So I’ve already reviewed the Sony X90J, I am putting the finishing touches on the review of the absolutely amazing Sony A90J and the first TCL TVs with a new operating system — the very same these Sonys depend on — have just been released in the US and are coming to Europe. It might be a good time to offer some thoughts on said operating system, then, no? This is none other than Google TV, of course, the successor — or, in some respects, the extension — of the Android TV platform that millions of TVs have been using for the past 6 years or so. Most Sony TVs, many TCL TVs and a number of Sharp, HiSense or Philips TV models will be using Google TV going forward — let alone media players from nVidia and Xiaomi — so… what should people be expecting of it?
Let’s start with what they definitely shouldn’t be expecting: a totally new operating system. Consumers familiar with smartphone operating systems may think of Google TV as a new “skin” for Android TV, meaning that it’s still the latter actually running in the background but with the former’s new, revamped graphics interface. The core components are the same, so Android TV app compatibility is a given, Chromecast works in the same way, even hardware peripherals are working with no modifications at all. It’s just that everything is presented in a more aesthetically pleasing, better-structured way.
Setting up a television based on Google TV is easy if a bit time-consuming (using an Android phone during the process can help in that respect). This is also the first TV operating system that lets people set up their television as a “dumb TV”, meaning that all Smart TV functions can be disabled and the device can be completely disconnected from the Internet. It’s hard to imagine why most consumers would want to do that in 2021 but, evidently, enough people still want to use a TV for over-the-air programming only (or are worried about privacy perhaps…) that Google decided to offer that option.
Unfortunately, in the case of the X90J and the A90J at least, what Google and Sony also decided was to try gathering user data in many different ways, as both are asking for those on several different occasions during setup. It becomes bothersome at some point to try and navigate around all of that — and it’s impossible not to impart with any user data at all — but patient consumers can limit the amount of data gathering to a considerable degree.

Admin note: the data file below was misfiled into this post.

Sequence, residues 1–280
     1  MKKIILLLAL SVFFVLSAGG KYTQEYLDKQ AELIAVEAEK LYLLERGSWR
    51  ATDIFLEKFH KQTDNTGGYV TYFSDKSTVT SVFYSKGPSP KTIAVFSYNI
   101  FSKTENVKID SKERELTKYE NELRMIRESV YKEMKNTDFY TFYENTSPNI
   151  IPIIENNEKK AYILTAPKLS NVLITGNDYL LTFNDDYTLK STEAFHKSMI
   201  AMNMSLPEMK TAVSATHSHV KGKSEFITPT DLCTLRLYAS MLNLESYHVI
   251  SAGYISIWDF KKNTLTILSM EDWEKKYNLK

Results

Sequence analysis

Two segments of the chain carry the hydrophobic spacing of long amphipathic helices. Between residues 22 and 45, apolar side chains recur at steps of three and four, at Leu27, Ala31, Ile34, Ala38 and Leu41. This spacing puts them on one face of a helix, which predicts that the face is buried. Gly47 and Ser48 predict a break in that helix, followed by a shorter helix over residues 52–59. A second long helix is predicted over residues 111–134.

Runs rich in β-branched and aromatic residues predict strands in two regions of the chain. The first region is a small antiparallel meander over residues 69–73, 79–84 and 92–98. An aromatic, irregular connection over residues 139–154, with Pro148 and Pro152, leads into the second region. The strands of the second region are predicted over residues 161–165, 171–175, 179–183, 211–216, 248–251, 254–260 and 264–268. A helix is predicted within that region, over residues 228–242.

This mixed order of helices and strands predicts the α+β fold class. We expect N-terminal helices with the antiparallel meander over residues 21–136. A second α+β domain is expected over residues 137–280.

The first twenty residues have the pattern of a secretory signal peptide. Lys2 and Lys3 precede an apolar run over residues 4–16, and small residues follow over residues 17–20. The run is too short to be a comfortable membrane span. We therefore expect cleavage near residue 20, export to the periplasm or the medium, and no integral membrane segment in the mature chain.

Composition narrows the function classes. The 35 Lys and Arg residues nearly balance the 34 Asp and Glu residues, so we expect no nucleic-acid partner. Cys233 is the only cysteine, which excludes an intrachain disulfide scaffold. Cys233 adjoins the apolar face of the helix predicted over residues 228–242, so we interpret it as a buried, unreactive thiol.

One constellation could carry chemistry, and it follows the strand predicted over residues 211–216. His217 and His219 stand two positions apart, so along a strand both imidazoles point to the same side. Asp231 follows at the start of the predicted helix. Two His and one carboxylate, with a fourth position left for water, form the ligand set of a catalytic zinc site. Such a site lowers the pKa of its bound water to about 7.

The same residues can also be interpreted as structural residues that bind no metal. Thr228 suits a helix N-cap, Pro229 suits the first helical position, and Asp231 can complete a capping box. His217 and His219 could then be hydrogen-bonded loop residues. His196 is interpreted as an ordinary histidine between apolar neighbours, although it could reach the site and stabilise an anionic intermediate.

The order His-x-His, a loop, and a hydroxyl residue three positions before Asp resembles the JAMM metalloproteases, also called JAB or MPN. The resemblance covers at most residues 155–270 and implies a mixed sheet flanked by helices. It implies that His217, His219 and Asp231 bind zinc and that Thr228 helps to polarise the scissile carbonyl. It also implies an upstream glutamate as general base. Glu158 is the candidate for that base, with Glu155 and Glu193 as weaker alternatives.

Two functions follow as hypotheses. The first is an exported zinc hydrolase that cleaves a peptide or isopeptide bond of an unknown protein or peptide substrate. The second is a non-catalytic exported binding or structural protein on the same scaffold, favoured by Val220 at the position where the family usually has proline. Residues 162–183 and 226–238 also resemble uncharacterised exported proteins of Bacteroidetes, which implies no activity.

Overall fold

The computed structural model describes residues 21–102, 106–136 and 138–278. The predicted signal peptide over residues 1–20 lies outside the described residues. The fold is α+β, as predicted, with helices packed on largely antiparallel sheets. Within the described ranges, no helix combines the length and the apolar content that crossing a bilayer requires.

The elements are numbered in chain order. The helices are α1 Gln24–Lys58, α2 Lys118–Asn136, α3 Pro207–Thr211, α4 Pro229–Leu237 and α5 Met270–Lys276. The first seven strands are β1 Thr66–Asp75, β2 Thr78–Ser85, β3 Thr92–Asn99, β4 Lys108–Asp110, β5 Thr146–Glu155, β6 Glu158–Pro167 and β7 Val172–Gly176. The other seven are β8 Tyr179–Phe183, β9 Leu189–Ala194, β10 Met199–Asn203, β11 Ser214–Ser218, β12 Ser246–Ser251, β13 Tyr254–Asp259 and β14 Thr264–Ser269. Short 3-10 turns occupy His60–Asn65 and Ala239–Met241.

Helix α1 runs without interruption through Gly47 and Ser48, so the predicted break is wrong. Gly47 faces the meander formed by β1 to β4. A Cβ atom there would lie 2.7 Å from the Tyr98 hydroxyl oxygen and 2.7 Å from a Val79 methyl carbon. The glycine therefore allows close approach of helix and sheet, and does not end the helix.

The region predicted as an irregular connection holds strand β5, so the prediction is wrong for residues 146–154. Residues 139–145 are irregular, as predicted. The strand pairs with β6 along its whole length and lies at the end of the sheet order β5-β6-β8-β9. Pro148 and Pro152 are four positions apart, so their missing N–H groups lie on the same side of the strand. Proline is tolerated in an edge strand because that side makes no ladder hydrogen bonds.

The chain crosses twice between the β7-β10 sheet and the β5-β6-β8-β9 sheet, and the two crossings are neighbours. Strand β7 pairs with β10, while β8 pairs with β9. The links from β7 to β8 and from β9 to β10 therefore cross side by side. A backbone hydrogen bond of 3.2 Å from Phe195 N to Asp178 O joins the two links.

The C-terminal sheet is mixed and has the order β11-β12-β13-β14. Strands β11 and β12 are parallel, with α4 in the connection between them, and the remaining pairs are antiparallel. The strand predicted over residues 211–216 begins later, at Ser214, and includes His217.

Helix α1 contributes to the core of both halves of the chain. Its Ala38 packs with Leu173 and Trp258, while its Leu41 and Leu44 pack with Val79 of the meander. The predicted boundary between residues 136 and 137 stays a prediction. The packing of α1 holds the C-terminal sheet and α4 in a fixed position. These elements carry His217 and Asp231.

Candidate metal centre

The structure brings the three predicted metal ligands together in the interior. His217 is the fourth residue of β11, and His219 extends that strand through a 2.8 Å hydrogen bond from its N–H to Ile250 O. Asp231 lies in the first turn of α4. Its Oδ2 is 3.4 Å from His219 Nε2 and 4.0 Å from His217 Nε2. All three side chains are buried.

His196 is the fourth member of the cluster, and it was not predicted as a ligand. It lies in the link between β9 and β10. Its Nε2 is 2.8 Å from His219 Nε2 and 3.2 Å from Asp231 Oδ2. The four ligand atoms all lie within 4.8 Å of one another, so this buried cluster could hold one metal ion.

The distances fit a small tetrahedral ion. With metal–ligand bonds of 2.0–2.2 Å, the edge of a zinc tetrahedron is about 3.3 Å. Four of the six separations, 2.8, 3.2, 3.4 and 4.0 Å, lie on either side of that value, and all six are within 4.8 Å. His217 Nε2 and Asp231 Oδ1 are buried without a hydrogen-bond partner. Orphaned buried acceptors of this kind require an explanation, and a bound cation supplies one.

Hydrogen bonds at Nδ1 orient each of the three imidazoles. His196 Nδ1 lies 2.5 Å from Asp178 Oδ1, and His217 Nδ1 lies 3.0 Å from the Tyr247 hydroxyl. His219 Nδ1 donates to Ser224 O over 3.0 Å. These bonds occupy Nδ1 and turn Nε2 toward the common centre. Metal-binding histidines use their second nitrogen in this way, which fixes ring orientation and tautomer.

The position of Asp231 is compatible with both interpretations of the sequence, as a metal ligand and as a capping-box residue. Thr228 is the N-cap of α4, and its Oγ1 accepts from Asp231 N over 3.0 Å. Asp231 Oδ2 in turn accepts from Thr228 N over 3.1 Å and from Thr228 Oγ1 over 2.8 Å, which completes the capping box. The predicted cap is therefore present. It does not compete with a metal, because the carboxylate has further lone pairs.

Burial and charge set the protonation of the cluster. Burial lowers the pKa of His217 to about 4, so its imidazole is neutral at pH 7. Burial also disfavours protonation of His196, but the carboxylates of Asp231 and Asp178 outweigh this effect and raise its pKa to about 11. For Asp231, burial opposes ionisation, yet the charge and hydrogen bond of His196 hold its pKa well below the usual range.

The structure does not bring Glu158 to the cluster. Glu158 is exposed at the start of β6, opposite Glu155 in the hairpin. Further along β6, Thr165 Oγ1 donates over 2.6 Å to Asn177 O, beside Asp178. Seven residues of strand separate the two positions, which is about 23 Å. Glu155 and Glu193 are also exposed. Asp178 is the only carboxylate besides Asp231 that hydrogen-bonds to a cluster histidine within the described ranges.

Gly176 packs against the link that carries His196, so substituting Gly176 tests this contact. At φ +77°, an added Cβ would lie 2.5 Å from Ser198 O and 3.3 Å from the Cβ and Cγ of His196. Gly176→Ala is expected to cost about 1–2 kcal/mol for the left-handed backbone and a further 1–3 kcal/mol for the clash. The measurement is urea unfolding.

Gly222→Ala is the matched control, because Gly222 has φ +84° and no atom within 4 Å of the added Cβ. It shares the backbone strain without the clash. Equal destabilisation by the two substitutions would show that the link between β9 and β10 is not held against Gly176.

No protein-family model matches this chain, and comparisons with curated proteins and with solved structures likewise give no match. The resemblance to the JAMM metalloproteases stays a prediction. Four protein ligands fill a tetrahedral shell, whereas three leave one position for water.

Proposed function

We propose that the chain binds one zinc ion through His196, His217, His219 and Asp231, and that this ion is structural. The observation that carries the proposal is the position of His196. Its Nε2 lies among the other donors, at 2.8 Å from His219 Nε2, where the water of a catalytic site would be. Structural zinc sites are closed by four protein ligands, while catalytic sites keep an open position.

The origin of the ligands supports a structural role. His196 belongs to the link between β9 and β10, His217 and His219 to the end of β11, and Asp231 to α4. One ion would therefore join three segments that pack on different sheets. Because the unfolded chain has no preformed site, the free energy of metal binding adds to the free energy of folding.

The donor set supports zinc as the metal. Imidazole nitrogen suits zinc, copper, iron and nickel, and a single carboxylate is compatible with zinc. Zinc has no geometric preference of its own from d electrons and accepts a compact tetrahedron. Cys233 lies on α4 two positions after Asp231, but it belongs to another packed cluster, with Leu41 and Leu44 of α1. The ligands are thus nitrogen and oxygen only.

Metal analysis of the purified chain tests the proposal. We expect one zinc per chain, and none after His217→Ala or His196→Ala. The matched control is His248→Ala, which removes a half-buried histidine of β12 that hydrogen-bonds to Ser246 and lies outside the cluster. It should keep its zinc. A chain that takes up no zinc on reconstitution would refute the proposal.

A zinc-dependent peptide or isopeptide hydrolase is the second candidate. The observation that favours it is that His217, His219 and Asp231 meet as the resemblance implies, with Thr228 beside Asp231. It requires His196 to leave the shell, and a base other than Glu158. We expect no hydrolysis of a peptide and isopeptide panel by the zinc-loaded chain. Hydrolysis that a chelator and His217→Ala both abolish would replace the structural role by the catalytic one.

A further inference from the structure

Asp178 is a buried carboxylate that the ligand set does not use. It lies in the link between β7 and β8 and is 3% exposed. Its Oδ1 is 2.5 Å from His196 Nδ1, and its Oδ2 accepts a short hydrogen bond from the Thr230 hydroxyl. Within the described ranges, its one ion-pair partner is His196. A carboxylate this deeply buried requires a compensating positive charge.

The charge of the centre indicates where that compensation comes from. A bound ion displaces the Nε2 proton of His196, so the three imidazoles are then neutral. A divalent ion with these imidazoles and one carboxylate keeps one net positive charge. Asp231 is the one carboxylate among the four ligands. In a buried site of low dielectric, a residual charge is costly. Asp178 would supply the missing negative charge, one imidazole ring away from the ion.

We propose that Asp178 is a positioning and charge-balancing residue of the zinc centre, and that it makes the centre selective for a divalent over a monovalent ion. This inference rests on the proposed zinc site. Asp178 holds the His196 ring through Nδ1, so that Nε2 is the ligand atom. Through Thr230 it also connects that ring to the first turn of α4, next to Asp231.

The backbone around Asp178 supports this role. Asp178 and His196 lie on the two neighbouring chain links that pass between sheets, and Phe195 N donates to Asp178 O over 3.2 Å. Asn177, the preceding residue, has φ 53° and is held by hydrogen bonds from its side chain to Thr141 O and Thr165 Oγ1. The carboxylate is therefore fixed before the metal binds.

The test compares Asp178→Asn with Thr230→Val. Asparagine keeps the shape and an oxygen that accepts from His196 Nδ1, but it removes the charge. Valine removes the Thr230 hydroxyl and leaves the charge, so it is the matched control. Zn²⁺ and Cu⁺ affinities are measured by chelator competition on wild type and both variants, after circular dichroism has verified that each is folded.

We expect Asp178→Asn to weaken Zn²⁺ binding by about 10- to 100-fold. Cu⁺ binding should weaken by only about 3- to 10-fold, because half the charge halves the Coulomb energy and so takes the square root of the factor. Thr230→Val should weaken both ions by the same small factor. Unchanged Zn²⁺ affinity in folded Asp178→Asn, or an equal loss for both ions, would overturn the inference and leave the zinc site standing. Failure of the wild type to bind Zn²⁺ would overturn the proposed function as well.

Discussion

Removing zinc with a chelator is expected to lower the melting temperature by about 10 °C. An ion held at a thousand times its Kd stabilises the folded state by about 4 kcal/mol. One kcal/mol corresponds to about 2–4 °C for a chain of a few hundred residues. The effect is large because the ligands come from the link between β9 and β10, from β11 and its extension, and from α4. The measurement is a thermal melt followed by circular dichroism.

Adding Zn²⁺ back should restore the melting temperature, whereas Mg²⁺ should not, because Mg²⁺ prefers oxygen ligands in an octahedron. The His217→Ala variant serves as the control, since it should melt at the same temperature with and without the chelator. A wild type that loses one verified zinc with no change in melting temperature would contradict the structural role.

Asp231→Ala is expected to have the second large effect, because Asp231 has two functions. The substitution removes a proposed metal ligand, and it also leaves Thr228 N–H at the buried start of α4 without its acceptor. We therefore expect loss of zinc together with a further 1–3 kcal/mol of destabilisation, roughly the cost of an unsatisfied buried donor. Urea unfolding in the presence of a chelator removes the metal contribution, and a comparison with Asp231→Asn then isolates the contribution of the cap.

After setup is complete and the consumer has entered the credentials for the content services he/she uses the most — be it Netflix, Amazon Prime Video, YouTube, Disney Plus, Apple TV Plus etc. — the main argument for using Google TV becomes clear: the new graphics interface is built around content, how to best collect it from various sources and present it to consumers based on their past viewing habits. The rows belonging to each content service individually are still there, just like they were on Android TV, but now Google TV also makes recommendations and offers popular content categories already filled with movies and TV shows so consumers can discover more content effortlessly.
One thing that people should be aware of regarding this new approach is that not all consumers will get the same content syndication experience from Google TV. That’s because not all streaming services are available in all countries: Disney Plus and HBO Max are not available in Greece, for instance, so there were no movies or TV series from those services present during my testing of the new Sonys. If the services supported in a given country are too few, then Google TV will do what it can with those — but the whole interface will not look as rich and well-populated as some screenshots Google released imply. In any case, for people who want the fastest possible access to the content sources they prefer, Google TV offers an “apps-only” mode that puts onscreen just the services apps themselves and no content recommendations at all. Many people might find that to their liking.
The whole content-centric approach of Google TV is modern and smart, though — especially with a lot of sources present because, in that case, recommended movies and TV series that surface based on various criteria really are some of the best picks currently available. Google TV also looks very nice on the X90J and the A90J because it is designed for 4K screens (past Android versions were HD-only). The chipset these Sony models are based on is powerful enough to manage the graphics-heavy revamped user interface, so navigation is nimble and smooth. It’s also important to note that Google TV is based on Android TV 10, which is good news for owners of these TVs: chances are that these models and others like them will get system upgrades to Android TV 11 or even Android TV 12 and several years of security updates. Not bad at all for something that started out as an Android “skin”, no?